And then there are so many movies am yet to watch, like – The Passenger, Aandhi (Hindi Film), Flic Story (French Film), Salò, or the 120 Days of Sodom (Italian movie), Monty Python and the Holy Grail, Love and Death, Rasputin, The Man in the Glass Booth, The Wild Party, The Sunshine Boys, Pasqualino Settebellezze (Italian movie), L’important c’est d’Aimer (French Film), Jitsuroku Abe Sada (Japanese Film), The Noah, Give ’em Hell, Harry!, Hababam Sinifi (Turkish Film), Galileo, Funny Lady, White Collar Blues (Italian movie), Cousin Cousine (French Film), The Romantic Englishwoman, The Stepford Wives, Royal Flash, The Story of Adele H (French Film), A Boy and His Dog. Oh! Boy I should stop now. The fact is there are so many movies that I’d like to watch, if & when possible. And this is just from 1975!!!! 😦


    1. Good heavens! That;s a long list — all from 1975? Wow. You better get at it. I admire your taste in foreign films. I recognize a couple of the titles, but not many. Thank you, Nuwansen.


  7. It’s a fantastic film and one of Kubrick’s greats. I suppose he will be remembered for 2001 or Clockwork Orange but this supposedly lesser film is wonderful stuff. The music is superb and it’s the archetypal picaresque adventure, although I have always admired Tom Jones, especially its hunting scene. Nice to see The Draughtsman’s Contract being mentioned too, although I seem to remember the violence putting me off, although I could be wrong about that. A great blog post which bought back many memories of my youth, rushing to see every serious film as soon as it came out.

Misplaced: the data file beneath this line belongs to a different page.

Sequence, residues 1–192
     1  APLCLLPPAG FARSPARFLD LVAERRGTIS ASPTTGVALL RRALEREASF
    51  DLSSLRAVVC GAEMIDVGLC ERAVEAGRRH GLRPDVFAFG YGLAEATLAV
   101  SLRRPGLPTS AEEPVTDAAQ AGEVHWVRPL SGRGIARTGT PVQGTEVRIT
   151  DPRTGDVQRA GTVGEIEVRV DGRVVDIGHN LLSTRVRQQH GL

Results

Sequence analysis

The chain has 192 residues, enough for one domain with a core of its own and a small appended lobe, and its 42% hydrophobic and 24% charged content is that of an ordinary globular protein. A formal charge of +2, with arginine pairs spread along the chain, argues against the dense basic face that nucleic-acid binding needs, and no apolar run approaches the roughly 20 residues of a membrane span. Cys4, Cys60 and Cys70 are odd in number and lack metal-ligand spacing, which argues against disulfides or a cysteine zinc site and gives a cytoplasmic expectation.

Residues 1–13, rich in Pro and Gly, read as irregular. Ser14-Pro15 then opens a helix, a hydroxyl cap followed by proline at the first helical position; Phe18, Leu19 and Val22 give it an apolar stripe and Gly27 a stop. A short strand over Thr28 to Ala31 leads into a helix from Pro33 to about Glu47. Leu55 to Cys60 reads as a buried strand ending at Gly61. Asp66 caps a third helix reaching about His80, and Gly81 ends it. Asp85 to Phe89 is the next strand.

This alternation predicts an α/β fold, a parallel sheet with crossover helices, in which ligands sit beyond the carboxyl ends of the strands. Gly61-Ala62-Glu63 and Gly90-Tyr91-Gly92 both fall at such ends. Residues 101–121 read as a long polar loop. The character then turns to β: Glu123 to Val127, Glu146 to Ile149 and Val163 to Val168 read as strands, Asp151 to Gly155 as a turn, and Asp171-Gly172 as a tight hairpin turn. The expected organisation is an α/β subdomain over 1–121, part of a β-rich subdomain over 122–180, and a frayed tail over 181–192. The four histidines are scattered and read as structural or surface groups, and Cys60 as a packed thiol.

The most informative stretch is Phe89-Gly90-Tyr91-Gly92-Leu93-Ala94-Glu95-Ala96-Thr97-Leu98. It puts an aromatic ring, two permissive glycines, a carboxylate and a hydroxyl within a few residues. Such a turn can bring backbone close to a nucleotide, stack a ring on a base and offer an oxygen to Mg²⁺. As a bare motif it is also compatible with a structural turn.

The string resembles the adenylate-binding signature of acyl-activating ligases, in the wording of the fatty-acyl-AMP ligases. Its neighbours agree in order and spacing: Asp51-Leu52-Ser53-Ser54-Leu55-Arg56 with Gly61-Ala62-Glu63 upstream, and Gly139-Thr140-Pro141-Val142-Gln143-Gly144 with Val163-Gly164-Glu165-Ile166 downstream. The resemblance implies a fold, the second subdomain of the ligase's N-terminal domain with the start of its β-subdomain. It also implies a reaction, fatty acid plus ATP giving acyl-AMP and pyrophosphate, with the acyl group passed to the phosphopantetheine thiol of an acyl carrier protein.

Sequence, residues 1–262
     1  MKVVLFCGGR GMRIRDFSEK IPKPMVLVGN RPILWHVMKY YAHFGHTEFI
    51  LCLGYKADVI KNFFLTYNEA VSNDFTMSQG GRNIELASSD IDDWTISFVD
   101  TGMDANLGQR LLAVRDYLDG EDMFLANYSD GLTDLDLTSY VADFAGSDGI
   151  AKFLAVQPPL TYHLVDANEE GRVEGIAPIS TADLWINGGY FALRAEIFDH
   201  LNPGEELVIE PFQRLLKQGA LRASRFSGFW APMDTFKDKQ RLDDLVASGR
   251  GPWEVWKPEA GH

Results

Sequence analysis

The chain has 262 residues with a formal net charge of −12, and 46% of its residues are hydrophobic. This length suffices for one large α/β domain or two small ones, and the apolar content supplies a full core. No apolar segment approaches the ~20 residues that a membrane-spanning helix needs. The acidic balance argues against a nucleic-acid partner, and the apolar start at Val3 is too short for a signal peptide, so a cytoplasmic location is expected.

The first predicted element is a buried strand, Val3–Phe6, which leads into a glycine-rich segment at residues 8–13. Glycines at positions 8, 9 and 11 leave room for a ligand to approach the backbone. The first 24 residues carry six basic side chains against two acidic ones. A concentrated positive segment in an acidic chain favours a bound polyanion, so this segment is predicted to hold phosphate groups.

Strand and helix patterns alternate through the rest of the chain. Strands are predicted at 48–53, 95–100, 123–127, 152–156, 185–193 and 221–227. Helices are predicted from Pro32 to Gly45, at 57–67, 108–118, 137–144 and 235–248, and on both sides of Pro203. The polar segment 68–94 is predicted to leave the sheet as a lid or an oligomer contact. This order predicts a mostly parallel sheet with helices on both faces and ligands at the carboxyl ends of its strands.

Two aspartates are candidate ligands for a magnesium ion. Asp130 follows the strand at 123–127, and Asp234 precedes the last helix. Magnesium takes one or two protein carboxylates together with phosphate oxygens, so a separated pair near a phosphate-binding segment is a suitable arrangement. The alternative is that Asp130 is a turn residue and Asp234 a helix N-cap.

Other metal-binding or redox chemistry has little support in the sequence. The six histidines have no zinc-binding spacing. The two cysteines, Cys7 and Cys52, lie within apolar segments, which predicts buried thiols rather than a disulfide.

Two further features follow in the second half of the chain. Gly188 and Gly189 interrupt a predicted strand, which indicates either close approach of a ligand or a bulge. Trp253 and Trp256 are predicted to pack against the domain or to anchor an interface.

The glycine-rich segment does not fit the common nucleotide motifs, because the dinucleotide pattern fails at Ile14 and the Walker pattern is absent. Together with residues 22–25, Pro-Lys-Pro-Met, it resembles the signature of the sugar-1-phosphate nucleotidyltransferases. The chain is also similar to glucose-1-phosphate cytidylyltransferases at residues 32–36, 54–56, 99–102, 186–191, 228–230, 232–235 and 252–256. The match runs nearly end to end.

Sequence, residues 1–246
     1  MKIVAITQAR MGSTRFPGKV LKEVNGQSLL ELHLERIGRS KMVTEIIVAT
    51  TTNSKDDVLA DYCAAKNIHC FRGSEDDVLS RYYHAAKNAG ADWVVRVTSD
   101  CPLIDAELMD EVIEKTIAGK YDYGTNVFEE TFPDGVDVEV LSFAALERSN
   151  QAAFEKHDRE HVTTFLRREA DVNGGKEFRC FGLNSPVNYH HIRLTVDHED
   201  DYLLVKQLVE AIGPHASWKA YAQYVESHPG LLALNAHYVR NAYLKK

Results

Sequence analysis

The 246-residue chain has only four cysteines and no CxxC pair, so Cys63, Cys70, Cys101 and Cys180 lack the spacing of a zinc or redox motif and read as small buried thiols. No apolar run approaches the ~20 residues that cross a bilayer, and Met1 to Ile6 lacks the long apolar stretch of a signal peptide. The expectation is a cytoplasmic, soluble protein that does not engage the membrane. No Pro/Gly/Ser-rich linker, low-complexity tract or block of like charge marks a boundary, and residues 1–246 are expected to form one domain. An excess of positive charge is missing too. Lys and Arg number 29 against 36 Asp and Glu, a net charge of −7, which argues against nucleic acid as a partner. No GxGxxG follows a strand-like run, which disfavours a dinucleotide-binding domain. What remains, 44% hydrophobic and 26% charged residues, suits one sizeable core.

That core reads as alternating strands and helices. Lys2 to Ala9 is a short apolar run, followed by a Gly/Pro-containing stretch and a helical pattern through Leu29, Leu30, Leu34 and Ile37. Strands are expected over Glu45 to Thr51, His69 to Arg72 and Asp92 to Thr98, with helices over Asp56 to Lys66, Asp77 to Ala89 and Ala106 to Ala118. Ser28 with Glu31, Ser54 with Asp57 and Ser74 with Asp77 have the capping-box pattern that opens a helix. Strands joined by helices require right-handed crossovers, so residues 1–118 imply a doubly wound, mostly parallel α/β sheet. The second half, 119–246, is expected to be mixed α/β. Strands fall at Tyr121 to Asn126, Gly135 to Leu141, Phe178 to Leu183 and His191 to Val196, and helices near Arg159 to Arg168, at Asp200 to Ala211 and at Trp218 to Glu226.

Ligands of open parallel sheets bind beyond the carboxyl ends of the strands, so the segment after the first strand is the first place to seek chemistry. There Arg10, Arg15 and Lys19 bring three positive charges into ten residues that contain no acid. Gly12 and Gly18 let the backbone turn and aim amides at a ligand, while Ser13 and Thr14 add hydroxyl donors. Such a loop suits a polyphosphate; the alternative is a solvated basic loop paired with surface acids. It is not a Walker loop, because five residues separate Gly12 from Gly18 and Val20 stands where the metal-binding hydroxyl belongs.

8. This is one of my favorite films of the ’70s. I was very impressed with how Kubrick used Ryan O’Neal’s blandness to the film’s advantage. I don’t understand people’s criticism — Barry IS supposed to be an uncharismatic opportunist. It’s one of the cleverest piece of casting I’ve ever seen. Anyhow, great review!